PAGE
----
ASUS Eee Pad Transformer TF101 Review: Assemble!
Introduction and Design
Tablets may be the darling of the tech industry, but they’ve also received their fair share of criticism as well. One of the most consistent barbs throw towards them is the tablet’s inability to serve as a competent platform for content creature. While it’s technically possible to write a document or edit an image on a tablet, it’s certainly not enjoyable.
Part of the problem is the lack of a keyboard and mouse. Touchscreens are beautiful and intuitive, but they’re not precise. While third-party cases and docks have tried to solve this issue, they’re often both clunky and expensive.
It’s little surprise that a tablet designed specifically to work in conjunction with a keyboard dock has hit the market, but it is surprising that the first such device comes from ASUS, a company with relatively little experience building mobile products. The Eee Pad Transformer is already the second-best selling tablet on the market (after the iPad, of course) and reports indicate sales are constrained by supply rather than demand. What is it that has made the Transformer a quick success?
One thing’s for certain – it’s not just the hardware inside. As you can see below, this Eee Pad is packing a familiar Nvidia-powered punch that is similar to that found in numerous Android Honeycomb tablets as well as some Android smartphones.
Since an innovative new architecture obviously isn’t the Transformer’s selling point, it must be design that is shifting units so quickly. Let’s dive in and see what this tablet offers.
Tablet design is rarely worth much comment, as most are exactly as thin and slab-sided as the category’s name would suggest. Despite this, ASUS has managed to create a product that’s recognizable and attractive even without the dock attached.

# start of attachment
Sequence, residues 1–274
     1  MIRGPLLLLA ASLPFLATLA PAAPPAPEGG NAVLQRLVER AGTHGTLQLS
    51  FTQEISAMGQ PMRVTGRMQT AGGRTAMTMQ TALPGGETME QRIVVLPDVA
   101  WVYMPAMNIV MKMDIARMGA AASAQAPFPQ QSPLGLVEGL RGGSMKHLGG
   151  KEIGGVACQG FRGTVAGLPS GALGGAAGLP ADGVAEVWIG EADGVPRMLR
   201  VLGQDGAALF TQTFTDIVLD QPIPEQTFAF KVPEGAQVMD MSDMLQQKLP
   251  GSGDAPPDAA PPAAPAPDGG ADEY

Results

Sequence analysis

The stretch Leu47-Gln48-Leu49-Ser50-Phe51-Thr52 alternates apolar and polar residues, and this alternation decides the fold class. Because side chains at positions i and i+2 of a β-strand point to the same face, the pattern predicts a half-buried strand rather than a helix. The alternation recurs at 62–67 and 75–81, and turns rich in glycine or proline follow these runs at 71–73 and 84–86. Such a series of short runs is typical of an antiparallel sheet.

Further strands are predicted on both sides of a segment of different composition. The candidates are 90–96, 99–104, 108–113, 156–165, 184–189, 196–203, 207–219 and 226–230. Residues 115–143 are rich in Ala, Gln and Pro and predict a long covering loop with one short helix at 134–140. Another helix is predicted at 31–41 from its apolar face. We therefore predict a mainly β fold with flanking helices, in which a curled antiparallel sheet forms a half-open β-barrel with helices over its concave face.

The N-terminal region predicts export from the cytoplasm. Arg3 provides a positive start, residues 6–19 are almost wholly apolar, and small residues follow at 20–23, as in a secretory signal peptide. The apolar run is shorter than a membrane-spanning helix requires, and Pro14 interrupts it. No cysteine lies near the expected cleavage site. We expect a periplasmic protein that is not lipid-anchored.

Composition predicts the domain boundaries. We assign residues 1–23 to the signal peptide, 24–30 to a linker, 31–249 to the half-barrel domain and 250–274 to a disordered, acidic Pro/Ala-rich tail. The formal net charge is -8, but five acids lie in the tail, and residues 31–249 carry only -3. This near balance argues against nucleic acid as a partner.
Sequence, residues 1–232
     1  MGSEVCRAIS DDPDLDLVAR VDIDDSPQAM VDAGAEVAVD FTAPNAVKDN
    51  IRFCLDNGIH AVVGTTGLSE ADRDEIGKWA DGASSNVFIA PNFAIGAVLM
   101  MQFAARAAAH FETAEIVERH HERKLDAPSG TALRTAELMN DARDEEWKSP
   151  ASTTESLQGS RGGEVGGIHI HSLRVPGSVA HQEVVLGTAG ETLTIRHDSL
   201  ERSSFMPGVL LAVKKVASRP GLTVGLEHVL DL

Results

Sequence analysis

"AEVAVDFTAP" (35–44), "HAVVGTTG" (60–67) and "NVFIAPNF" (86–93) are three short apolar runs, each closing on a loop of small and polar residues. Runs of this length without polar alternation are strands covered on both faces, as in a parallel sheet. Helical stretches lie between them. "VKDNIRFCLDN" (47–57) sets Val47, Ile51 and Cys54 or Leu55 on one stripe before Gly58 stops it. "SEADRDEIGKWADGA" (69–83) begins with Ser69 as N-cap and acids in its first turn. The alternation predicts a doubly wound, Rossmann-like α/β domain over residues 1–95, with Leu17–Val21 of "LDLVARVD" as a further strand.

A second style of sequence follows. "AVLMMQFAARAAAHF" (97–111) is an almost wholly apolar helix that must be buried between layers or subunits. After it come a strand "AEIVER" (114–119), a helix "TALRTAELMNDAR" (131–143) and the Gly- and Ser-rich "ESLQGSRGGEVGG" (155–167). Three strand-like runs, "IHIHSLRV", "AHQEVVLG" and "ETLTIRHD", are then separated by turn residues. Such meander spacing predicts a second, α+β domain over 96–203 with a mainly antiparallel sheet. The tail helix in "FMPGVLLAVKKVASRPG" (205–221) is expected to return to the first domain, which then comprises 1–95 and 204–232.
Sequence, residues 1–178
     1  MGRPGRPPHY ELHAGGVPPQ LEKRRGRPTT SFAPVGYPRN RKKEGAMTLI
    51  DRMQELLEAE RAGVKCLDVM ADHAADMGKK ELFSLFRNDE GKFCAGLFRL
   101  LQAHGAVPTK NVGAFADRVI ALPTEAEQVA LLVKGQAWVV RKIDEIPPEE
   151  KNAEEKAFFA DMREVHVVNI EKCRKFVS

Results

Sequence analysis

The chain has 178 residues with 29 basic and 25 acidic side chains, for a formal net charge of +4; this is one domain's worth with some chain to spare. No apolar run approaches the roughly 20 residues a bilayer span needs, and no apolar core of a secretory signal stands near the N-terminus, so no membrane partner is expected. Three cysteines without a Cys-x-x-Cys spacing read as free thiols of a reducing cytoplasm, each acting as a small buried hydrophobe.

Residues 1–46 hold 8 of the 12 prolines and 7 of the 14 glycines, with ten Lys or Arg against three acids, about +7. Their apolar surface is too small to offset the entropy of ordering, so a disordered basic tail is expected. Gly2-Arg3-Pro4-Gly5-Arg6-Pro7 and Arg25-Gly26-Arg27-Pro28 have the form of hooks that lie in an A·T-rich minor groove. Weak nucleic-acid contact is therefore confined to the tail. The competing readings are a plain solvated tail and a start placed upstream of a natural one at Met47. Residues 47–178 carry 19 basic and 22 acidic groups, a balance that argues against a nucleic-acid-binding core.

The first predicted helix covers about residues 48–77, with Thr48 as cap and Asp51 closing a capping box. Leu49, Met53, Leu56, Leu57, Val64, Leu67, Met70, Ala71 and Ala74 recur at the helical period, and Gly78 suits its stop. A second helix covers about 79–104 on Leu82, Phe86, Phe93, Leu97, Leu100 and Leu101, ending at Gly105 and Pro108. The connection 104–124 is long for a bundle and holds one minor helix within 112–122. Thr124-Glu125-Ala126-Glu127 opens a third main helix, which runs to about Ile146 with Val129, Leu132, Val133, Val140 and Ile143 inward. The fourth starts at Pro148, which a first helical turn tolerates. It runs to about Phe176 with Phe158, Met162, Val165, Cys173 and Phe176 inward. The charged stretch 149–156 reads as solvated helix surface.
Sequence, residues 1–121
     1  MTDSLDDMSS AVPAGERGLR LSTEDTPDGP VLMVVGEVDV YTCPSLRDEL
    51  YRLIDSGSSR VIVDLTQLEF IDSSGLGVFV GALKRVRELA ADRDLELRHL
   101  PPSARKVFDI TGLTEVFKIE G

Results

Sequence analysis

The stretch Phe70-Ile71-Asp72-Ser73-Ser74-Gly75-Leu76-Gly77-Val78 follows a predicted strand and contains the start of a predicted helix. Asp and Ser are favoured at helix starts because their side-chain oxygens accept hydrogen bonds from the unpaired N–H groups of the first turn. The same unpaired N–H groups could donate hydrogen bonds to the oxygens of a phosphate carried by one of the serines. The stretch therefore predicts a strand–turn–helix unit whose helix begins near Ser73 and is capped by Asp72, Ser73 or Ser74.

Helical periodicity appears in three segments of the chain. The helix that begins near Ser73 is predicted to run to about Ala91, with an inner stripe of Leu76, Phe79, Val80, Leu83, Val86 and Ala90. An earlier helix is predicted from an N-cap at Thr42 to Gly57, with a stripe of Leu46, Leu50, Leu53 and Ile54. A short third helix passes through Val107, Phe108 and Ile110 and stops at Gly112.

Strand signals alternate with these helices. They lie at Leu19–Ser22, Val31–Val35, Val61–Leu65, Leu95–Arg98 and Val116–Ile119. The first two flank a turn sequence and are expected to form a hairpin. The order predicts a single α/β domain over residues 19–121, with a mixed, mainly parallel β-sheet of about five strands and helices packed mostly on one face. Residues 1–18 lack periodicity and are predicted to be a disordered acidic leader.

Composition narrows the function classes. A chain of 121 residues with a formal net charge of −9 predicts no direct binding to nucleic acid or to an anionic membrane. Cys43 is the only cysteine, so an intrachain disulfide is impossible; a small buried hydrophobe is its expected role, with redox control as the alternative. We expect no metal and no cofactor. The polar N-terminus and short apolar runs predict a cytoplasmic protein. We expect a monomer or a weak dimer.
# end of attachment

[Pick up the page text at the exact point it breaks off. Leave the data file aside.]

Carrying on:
Differentiation has been accomplished using two strategies. The first is simply color. Most of the tablets on the market are available only in monochrome – you can choose white or black, but nothing in between. The Eee Pad Transformer, however, comes in an elegant and unique shade of brown that ASUS calls Espresso. In addition to this, the backside of the tablet, as well as the underside of the dock, is coated with a geometric star pattern. These two subtle touches combine to make the Transformer appear both handsome and original.
Build quality is robust. The back of the tablet is made of hard plastic, but its tough and thick enough to avoid the cheapness that is associated with the material. Along the sides of the tablet you’ll find aluminum, and both the sides and interior of the dock are coated with the same. Most importantly of all, the mechanism which attaches the tablet to the dock is large and sturdy. It feels capable of surviving a few lumps and it’s also solid enough to keep the tablet from rocking or swaying while attached to the dock.
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